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Cover image for Alan's big, scary teeth
Format:
Title:
Alan's big, scary teeth
ISBN:
9780763681203

9780605962620
Edition:
First U.S. edition.
Publication:
Somerville, Massachusetts : Candlewick Press, 2016.
Physical Description:
1 volume (unpaged) : color illustrations ; 27 cm
Summary:
"Alan is very scary. He says things like 'I'm big, scary Alan! Fear my razor-sharp teeth!' But all is not as it seems. Alan, you see, has a very BIG (not-so-scary) secret"--Front jacket flap.
Reading Level:
Preschool.
Program Information:
Accelerated Reader 3.1.

Accelerated Reader AR LG 3.1 0.5 185684.

Accelerated Reader LG 3.1 .5.
Holds:

Available:*

Library
Call Number
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JP JARVIS
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JP Jarvis
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On Order

Summary

Summary

A goofy and lonely denizen of the jungle has just one talent -- scaring other creatures with his big, scary teeth! What would he do without them?

Deep in the jungle lurks Alan the alligator, descended from a long line of very scary alligators. He prepares carefully -- polishing his scales, brushing each of his big, scary teeth, and practicing his frightening faces -- then sneaks into the jungle to terrorize the jungle critters. ("I'm big, scary Alan! Fear my razor-sharp teeth!") But after a long day of scaring, Alan likes nothing better than to enjoy the crossword, run a warm mud bath, and take out his teeth, which nobody else knows are false. Until one morning, when Alan wakes up and finds that his teeth are gone! Without those teeth, he's just not very scary, and scaring is the only thing he knows how to do. Or is it? Witty, charming, and playful storytelling will have preschoolers cheering for Alan as he discovers a new way to fit in.


Author Notes

Jarvis is an illustrator and animator who has worked as both a record jacket designer and an animation director. This is the first picture book he has both written and illustrated. He lives in Manchester, England.


Reviews 5

School Library Journal Review

PreS-Gr 1-Alan the alligator fancies himself to be the most fearsome creature in the jungle, but he's hiding a secret that could change his whole image. Every day, he polishes his scales, brushes his scary teeth one by one, and practices his frightening faces in the mirror. Then, he sneaks up on the frogs, monkeys, and parrots and scares them silly. At the end of the day, Alan luxuriates in his victorious scare tactics, but eventually he has to get real with himself; Alan has false teeth! He keeps his secret safe by storing his chompers in a special hiding place where Barry the Beaver eventually finds them by mistake. When Alan wakes up to find his teeth are missing, he attempts to launch his scaring spree as usual but is laughed at by the other animals. This makes him cry. Alan's wails continue through the night, and by morning all of the animals are on board to return his teeth, though they have drafted a few rules for how he can use them moving forward. Vibrant pencil, chalk, and paint illustrations colored digitally are preschool-friendly and maximize the humor in the text by providing little details for readers to delight in, such as Alan's taste in reading materials and his full line of grooming products. The simple yet effective expressions the animals display throughout the story are no doubt inspired by the author's work in animation, which contributes to this story's success as a read-aloud. This strong debut picture book will leave young listeners and librarians alike hungry for the author's next offering. VERDICT A perfect choice for storytime.-Samantha Lumetta, Public Library of Cincinnati and Hamilton County, OH © Copyright 2016. Library Journals LLC, a wholly owned subsidiary of Media Source, Inc. No redistribution permitted.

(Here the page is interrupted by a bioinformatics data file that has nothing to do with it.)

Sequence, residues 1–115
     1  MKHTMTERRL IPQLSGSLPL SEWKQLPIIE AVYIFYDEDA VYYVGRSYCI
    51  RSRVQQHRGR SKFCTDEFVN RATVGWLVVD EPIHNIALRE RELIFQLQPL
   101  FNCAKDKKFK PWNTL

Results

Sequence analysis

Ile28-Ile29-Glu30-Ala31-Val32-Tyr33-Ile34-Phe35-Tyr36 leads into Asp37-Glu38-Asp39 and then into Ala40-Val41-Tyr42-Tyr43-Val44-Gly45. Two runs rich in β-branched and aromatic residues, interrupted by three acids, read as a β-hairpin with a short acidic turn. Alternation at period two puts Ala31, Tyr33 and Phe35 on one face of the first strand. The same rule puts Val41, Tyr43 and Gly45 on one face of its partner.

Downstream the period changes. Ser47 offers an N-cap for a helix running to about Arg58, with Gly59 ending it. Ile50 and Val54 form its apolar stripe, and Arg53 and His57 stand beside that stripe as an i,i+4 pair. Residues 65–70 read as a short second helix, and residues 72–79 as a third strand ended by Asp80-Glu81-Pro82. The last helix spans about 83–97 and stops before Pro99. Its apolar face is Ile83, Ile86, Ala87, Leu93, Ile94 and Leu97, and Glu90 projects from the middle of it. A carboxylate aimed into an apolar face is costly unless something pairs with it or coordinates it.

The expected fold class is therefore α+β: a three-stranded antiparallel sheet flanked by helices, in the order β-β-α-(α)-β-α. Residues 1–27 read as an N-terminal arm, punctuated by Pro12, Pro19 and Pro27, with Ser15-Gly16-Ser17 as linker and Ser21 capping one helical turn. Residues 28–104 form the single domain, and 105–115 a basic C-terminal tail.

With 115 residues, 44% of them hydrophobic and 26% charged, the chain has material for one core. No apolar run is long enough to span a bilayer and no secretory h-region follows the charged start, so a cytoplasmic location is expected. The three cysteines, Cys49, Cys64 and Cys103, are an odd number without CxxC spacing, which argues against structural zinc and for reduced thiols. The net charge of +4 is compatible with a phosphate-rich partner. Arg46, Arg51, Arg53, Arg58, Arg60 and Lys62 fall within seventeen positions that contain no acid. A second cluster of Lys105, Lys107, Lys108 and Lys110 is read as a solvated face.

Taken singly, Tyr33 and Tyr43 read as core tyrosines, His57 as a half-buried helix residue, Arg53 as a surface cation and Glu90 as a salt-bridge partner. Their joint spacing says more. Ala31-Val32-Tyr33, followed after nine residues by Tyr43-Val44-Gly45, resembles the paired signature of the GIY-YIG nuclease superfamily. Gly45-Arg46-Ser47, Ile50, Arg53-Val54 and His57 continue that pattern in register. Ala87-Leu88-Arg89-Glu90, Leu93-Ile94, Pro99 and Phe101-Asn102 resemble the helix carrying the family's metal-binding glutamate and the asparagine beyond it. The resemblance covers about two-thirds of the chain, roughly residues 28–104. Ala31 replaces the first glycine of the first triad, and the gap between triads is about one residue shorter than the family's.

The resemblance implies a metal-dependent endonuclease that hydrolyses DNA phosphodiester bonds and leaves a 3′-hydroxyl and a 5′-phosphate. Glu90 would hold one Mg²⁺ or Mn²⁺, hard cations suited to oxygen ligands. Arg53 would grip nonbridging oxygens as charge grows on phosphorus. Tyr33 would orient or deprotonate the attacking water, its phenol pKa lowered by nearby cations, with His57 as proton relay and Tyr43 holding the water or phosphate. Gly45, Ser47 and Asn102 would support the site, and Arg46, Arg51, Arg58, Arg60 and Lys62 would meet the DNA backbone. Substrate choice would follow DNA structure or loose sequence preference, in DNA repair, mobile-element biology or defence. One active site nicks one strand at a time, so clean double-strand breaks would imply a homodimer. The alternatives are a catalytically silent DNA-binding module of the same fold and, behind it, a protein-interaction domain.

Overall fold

Publisher's Weekly Review

With his gleaming white teeth, Alan the Alligator has the run of the jungle. "Bwa-ha-ha! I love being scary," he cackles as he stomps around like a latter-day Godzilla, while the other animals "eek," "squawk," and hide in panic. But Alan has a deep secret: his teeth are false. And after that secret gets out, a deeply embarrassed Alan ("My teeth! Wheah ah my teeth?" he shouts, gummily) doesn't get much sympathy from those he terrorized. A zebra can't change his stripes, but can a chastened alligator revamp his modus operandi? Jarvis (Lazy Dave) strikes a brisk, matter-of-fact tone that's spot-on for his overconfident, inconsiderate hero, and he ties up the loose ends of the story with a clever best-of-both-worlds twist. His pictures are even better: working in pencil, chalk, paint, and digital color, he gives each image a striking aesthetic density, with translucent layers, hand-drawn texturing, and lush color combinations redolent of batik and collage. They're gorgeous-and thanks to his accomplished cartooning, they're funny, too. Ages 2-5. Agency: Bright Agency. (Feb.) © Copyright PWxyz, LLC. All rights reserved.


Kirkus Review